'Adult' video stores move to dress up their image

November 22, 1992|By Andrea F. Siegel | Andrea F. Siegel,Staff Writer

Two video stores that a week ago traded only in sexually explicit material are now stocking family fare, but neighbors are not placated and the stores still may be considered "adult" entertainment under county law.

Glen Burnie News and Video Center and its companion store, Fort Meade News and Video Center in Odenton, have begun to include children's cartoons and standard comedy, horror and drama titles.

The Glen Burnie store, at Crain Highway and Wilson Boulevard, now devotes three of its five rooms to adult tapes.

A sign on a door that leads to the rooms says entrants must be 18 and that the store can require proof of age. A display case that once held sex novelties is empty. Sexually explicit magazines have dark paper covers and the racks are near the manager's station.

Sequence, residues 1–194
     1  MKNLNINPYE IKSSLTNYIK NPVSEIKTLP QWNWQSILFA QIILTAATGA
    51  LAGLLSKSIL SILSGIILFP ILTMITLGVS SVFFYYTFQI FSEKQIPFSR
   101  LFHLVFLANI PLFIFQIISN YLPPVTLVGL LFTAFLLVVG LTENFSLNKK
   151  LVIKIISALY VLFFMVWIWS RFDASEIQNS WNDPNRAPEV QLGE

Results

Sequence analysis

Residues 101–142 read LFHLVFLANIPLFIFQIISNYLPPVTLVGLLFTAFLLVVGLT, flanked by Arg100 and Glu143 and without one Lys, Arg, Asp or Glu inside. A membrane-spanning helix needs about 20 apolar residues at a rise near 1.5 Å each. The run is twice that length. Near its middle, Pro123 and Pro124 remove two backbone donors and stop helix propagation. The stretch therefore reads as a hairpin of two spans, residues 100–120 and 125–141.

Cheryl Shoemaker, store manager, said the Glen Burnie store made changes last week "because of the neighborhood." Similar changes are in the works at the Odenton store, she said.

But people in the houses by the Glen Burnie store remain largely unmoved by the change.

"Our concern is still the same. I'm sure they are trying to placate us," said Deborah Brunetti, who rallied the community against the store that opened in August 1991.

The county adopted legislation in November 1991 that limited adult entertainment shops to industrial and commercial areas that are at least 1,000 feet from buildings such as residences, churches and schools.

Besides licensing adult arcades, the ordinance required the county to notify the stores of a change in zoning status, then gave the stores 120 days to register as non-conforming uses, and finally, ordered the stores to move within a year of registering.

However, nearly a year later, the county has failed to send the first notices to the four adult entertainment stores.

To compensate, the administration drafted a bill now pending before the County Council that would trim the notice-to-move time to six months. A Nov. 30 public hearing and vote are scheduled.

The law does not apply to stores that stock mostly standard Hollywood movies but keep a small number of adult movies in an enclosed section.

However, the Glen Burnie and Odenton stores may not have done enough to be excluded from the law. County Councilman C. Edward Middlebrooks, a Democrat whose district includes Glen Burnie, said he is asking the county's lawyers to look into that.

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